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Ministers Are Losing Patience With Lib Dem Blocking Tactics

Last Updated: Monday, January 20th, 2014

It was reported at the weekend that the Queen’s Speech might have to be delayed. If so, it would be a rare event, with a number of connotations for the Coalition.

The anonymous Minister quoted in the press put it down to the Prime Minister’s dissatisfaction with the proposed policy agenda. Another Conservative source blamed the Lib Dems for blocking good ideas.

It’s a bad reflection on the current state of the Government.

Amid all the fuss and fighting over AV, fixed-term parliaments were brought in with almost no debate. Now, though, we see the consequence – the Government is simply running out of things to say.

That problem is compounded by the nature of Coalition, and the breakdown of the Rose Garden consensus. While the 2010 editions of David Cameron and Nick Clegg had plenty to agree on, they have drifted apart as political reality has shifted.

While once they were each a useful bulwark for the other against the less centrist views of their own backbenches, Cameron in particular has moved closer to a small-c conservative agenda. Disagreement on the EU referendum has extended to welfare and immigration.

It is the approach of next year’s General Election which has spurred these changes.

The polling, the arrival of Lynton Crosby as his strategist and the rising threat of UKIP have all led Cameron to conclude that he must be tougher in order to defeat Miliband in 2015.

That’s undoubtedly true – but if Clegg’s response to that toughness leads to a year of paralysis, then both governing parties will be harmed by it. The election pitch will be “let us finish the job”, and it might prove unconvincing if voters can see little activity on the part of the Government.

It would be a towering irony if the election were to be lost as a result of Clegg and Cameron’s enthusiasm to win it.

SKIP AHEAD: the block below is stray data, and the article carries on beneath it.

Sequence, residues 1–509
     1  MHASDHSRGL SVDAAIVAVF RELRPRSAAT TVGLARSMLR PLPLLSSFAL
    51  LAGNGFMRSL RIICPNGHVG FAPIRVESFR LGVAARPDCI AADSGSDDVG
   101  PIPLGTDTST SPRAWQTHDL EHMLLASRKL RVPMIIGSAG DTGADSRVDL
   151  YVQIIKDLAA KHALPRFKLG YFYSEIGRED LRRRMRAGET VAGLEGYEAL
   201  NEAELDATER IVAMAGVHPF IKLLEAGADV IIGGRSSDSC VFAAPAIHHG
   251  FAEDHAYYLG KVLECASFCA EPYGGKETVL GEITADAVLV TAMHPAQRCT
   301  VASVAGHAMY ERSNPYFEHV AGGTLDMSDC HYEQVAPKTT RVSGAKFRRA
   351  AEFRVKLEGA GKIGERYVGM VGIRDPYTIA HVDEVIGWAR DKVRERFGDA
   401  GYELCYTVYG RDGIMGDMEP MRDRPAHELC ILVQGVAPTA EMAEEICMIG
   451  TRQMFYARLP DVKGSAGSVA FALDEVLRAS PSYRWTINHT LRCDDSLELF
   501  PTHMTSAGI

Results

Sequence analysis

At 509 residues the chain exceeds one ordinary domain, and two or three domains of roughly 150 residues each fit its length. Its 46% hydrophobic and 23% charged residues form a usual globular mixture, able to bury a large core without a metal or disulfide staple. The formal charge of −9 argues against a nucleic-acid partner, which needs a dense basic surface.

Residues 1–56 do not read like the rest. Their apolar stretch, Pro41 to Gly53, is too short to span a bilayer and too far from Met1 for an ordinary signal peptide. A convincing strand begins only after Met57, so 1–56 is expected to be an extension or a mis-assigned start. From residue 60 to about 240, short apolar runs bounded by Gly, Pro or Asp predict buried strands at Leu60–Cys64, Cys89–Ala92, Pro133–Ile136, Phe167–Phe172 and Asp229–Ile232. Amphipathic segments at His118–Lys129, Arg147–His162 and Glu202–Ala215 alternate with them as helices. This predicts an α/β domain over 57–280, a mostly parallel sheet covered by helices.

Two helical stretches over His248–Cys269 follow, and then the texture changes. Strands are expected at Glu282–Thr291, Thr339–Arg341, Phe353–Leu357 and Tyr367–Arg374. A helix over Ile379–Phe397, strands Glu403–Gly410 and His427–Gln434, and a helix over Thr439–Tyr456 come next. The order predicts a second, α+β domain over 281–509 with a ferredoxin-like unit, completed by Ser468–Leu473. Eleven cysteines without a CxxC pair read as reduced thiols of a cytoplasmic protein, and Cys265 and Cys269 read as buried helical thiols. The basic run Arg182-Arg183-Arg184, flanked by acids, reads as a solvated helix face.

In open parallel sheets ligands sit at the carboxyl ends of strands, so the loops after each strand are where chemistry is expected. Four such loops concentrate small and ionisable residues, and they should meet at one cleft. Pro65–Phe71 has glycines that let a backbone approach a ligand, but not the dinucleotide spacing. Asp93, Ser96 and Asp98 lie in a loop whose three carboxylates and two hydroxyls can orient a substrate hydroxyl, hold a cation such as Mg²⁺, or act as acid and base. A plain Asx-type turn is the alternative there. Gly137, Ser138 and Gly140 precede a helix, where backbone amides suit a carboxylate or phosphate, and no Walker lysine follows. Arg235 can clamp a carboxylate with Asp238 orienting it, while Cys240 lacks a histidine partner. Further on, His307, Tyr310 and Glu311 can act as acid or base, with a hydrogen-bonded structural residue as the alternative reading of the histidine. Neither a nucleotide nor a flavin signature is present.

We will see two approaches to overcome this logjam.

The first is a greater focus on announcing Conservative policies; essentially issuing wish-list proposals in the style more traditionally used by the Opposition. The EU referendum pledge was of course one such announcement – hence the campaign to introduce it as a Private Member’s Bill.

The second is to force Clegg’s hand by going public with proposals that he doesn’t like. That way, the Lib Dems must either choose to get on board with popular initiatives – or they will be publicly seen as the people stopping the Conservatives from getting on with the job.

Yesterday’s headlines about immigrants learning English before being given benefits were an example of just such a tactic. “The move,” the Mail on Sunday reported, “was due to be announced tomorrow, but has been delayed following a row with Nick Clegg.” Ouch.

It’s hardly the first time in the last few years that Conservatives have wished they had a majority in the House of Commons, but this seems to be a new, more combative phase of the Coalition.

Ministers have lost patience with having to take public ownership of reforms which were watered down by the Lib Dems in private. The prospect of delaying the Queen’s Speech in its entirety may well be too much for them to grin and bear.

By Mark Wallace